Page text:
Really Struggling to Keep PH Down

schoppy

New member
Apr 28, 2020
2
Clermont, fl
First pool, newly built, quartz finish, it has been filled for 2 months. I have to add acid every other day. I usually aim for 7.4 and can easily get it there, but 2 days later it is back at 8. Any ideas?

Central Florida, screened in pool, but I get full sun all day. It has been raining every day as well.

Chemistry below:
FC - 6.0
PH - 7.4
TA - 90
CH - 135 (I know this is low, but pool company said don't adjust this for 90 days)
CYA - 30

I'm totally new to this pool business. I have 2 deck jets and a bubbler, but I turned those off to see if it would make a difference. It really doesn't seem to...water hovers around 89 degrees without using the heater.

I really appreciate the help!
 

ajw22

Gold Supporter
TFP Guide
Jul 21, 2013
19,819
Northern NJ
Welcome to TFP.

Try lowering your TA to 60 and run your pH 7.6-7.8. It should get you another day or two between acid additions.

How do you chlorinate your pool?
 

schoppy

New member
Apr 28, 2020
2
Clermont, fl
Thanks, that's good to know that it will slow down. I use the 10.5 % liquid chlorine from my local pool store. It's $4.50 for a 2.5 gallon refill, so no too bad.

How will lowering the TA to 60 affect the curing of the plaster? The pool company gave me paperwork that said it is important to keep it as close to 100 as possible for the first year. Since pool math says 90 is the top end I've been trying to hold it there.

I was actually thinking of collecting some rain to see what PH it is. It rains every day here right now, so I was thinking that could have something to do with it. Sounds like the new surface is the most likely cause though, so I won't worry too much about it!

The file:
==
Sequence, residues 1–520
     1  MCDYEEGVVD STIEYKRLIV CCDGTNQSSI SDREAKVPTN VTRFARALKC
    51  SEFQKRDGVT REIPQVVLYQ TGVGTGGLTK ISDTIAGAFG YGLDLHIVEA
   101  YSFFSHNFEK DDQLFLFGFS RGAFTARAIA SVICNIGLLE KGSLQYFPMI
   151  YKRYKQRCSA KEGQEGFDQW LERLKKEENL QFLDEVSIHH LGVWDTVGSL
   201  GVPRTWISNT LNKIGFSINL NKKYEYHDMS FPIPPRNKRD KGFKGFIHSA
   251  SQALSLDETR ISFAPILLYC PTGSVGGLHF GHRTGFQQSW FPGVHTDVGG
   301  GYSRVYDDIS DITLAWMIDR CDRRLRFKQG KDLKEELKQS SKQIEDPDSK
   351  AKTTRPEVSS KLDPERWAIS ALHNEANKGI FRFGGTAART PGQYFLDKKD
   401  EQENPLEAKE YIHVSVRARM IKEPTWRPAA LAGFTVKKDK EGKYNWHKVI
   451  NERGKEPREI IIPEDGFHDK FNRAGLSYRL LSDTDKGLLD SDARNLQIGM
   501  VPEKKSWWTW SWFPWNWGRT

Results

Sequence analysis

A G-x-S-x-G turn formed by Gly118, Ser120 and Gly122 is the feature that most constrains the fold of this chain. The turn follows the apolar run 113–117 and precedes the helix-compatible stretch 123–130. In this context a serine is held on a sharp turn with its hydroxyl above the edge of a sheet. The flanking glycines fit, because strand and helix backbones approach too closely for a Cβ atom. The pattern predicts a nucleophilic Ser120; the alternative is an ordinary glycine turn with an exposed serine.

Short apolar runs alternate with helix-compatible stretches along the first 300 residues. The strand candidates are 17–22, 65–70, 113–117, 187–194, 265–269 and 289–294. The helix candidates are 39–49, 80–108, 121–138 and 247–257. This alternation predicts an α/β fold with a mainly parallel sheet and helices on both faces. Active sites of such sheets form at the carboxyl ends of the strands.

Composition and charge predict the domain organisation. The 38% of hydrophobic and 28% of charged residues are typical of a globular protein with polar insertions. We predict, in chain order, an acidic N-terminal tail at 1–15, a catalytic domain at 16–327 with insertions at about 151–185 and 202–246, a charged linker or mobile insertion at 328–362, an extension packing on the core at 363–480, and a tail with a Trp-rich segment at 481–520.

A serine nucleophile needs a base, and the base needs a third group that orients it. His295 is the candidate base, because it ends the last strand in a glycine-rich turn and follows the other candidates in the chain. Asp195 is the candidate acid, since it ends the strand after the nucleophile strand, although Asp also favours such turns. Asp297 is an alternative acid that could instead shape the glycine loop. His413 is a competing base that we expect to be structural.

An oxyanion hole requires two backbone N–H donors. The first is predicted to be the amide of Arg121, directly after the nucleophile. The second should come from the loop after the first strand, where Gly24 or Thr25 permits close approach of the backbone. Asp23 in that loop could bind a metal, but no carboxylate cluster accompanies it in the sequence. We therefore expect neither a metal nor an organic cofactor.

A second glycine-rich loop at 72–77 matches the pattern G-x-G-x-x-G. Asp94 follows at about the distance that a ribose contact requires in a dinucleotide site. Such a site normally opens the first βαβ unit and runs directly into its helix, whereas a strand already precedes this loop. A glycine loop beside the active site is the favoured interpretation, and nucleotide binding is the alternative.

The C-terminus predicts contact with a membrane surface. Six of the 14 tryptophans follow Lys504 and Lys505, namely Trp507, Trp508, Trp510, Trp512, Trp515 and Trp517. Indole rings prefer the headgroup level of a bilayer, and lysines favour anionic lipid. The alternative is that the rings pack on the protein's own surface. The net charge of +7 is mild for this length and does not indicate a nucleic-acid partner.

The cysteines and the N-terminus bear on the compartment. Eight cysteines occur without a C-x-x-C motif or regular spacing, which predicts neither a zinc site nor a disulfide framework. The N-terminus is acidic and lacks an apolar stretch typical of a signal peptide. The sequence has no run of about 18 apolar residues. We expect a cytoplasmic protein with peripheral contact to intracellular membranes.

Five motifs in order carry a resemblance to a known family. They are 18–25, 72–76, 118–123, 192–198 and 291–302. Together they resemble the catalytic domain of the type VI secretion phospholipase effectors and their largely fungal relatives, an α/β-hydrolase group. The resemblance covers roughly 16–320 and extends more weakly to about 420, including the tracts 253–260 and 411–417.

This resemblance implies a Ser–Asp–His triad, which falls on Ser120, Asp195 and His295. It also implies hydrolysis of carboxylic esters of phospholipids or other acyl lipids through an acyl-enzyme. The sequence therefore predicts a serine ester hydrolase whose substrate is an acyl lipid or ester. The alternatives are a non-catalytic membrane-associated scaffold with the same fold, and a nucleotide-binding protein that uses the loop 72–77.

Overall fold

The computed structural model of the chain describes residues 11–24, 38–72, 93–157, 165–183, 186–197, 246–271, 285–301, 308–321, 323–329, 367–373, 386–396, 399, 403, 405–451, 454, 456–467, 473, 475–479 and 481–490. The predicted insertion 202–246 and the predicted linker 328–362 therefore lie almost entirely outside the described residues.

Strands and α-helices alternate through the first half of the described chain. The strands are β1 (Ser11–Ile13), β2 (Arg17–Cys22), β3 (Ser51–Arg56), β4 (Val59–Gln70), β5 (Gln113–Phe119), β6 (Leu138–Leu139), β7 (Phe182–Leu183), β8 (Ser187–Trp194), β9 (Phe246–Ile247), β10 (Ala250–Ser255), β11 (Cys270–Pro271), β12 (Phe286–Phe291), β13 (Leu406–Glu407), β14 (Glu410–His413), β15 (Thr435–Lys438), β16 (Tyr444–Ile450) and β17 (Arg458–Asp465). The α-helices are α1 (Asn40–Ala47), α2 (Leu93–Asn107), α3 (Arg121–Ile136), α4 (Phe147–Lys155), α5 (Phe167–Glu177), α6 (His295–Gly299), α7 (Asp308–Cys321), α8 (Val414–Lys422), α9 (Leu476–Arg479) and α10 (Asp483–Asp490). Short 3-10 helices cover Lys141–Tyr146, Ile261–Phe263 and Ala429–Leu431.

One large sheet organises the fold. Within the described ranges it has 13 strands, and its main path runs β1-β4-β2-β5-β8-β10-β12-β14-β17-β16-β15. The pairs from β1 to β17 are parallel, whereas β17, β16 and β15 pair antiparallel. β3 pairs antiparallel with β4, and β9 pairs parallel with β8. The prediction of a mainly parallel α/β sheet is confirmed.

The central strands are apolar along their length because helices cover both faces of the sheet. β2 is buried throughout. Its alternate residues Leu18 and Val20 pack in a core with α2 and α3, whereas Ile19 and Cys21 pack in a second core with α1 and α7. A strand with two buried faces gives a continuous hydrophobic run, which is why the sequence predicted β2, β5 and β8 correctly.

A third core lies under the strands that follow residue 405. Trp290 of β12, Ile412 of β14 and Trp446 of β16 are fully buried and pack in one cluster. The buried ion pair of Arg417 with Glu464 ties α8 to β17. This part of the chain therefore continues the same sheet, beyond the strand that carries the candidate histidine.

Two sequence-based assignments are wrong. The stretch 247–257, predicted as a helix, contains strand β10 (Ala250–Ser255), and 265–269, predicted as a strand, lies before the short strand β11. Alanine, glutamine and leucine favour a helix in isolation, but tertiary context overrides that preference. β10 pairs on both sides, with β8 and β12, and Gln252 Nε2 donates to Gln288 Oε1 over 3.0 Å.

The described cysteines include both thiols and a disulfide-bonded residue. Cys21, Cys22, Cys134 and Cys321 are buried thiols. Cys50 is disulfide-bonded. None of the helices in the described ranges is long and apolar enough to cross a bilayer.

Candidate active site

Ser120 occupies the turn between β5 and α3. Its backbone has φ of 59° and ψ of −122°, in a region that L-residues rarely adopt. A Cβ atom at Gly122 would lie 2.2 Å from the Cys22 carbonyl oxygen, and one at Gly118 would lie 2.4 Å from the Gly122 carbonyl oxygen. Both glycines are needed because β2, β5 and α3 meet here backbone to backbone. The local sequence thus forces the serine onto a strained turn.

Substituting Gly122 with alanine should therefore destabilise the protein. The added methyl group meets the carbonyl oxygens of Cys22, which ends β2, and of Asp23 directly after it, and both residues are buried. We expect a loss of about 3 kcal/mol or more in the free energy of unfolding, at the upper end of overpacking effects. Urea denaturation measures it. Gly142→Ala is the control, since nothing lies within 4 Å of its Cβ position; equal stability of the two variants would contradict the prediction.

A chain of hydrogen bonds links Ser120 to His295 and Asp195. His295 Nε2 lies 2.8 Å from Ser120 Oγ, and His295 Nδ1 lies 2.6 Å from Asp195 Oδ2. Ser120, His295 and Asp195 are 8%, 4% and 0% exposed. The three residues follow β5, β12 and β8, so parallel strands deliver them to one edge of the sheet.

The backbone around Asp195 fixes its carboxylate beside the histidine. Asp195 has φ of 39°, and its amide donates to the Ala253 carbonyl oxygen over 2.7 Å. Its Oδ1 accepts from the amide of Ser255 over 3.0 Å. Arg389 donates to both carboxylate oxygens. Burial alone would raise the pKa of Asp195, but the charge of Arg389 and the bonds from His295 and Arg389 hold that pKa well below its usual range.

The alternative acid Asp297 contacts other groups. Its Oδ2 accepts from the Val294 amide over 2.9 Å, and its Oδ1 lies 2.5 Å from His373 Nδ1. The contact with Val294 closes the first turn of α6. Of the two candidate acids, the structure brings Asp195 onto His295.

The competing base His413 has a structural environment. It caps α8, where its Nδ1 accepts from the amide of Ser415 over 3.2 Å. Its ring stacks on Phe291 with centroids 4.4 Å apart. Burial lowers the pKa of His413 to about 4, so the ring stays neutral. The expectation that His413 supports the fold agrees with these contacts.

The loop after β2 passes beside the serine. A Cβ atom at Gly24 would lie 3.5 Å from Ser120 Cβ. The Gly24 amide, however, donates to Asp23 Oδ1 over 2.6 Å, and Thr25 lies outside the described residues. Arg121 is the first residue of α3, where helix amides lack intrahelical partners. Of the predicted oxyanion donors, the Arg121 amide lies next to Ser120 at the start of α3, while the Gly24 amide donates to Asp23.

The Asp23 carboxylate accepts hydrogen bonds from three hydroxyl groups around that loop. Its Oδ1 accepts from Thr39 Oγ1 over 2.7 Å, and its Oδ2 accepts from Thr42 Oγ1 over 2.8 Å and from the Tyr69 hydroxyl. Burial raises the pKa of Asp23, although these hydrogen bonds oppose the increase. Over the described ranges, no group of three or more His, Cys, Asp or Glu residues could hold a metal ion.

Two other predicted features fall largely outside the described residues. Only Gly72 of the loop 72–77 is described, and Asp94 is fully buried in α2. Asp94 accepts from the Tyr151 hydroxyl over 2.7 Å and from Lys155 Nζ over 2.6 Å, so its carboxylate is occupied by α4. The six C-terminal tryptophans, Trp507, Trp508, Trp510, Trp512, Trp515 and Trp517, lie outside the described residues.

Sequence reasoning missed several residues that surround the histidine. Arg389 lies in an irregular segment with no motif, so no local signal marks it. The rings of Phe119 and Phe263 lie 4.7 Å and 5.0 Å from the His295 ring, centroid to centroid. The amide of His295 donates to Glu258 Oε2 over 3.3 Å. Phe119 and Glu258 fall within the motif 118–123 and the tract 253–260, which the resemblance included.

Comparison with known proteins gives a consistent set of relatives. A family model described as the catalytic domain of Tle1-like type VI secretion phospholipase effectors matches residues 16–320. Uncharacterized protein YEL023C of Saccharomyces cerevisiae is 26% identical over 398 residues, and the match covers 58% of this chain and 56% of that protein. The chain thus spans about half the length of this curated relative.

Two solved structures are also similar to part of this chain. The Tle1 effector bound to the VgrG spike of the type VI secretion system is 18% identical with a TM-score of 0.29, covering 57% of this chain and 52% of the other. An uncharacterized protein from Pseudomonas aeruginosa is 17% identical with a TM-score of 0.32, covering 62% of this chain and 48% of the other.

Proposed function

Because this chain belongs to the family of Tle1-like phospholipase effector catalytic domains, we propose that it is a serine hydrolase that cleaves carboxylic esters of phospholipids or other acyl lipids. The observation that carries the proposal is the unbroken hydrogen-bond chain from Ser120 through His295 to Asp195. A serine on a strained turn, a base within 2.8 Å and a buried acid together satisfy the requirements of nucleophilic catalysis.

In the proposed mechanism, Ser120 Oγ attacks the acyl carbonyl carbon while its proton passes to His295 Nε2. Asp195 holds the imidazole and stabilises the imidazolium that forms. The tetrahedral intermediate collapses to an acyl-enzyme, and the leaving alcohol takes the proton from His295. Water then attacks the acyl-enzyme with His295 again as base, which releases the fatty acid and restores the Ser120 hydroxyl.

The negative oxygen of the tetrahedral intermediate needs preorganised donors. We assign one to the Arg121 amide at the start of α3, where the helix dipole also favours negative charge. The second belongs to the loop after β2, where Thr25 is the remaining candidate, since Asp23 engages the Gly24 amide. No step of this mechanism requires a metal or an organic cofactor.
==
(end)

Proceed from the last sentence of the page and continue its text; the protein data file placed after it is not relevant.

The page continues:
Dirk

Gold Supporter
TFP Guide
Nov 12, 2017
6,904
Central California
You have to weigh what you're learning here against the value of your warranty. If there is a problem with your finish during your warranty period, the PB might check your water chemistry to see if you've been complying with his instructions. If you haven't been, it's possible he could use that as grounds to void your warranty. On the other hand, if his instructions are not the best for the longevity of your finish, then you might suffer those consequences much later, when the warranty has expired. And I'm not suggesting his instructions are bad for your pool. You'd like to think the PB knows what is best, but they don't always. And around and around we go. I was just cautioning you to keep your warranty in mind as you decide for yourself what is best for your pool.

You might read up on CSI. That is an index that considers several of your chemical levels and helps determine if your water is OK for your finish. Yours is a bit low, but not out of range. But that is based on the numbers you posted, and you're missing a few factors that affect CSI (salt and water temp), so I interpolated a bit. Plus, we don't know what you're using to get those numbers, so it's a bit iffy for us to advise about your chemistry without first knowing how good those numbers are. If this were my pool, I would first get a high quality test kit (one of the two we recommend), and then I would use that to be sure to keep the water within the PB's spec, but also manipulate the pH to keep the CSI in check. That would be one way to comply with both the PB and what we teach here.

If you're going to continue to seek advice here about your pool, you could help us help you by filling in your signature and buying a good test kit. The more we know about your pool and equipment, and the better the numbers you provide, the better we can advise.


Congrats on the new pool. And welcome to TFP. We're glad you found us.
 
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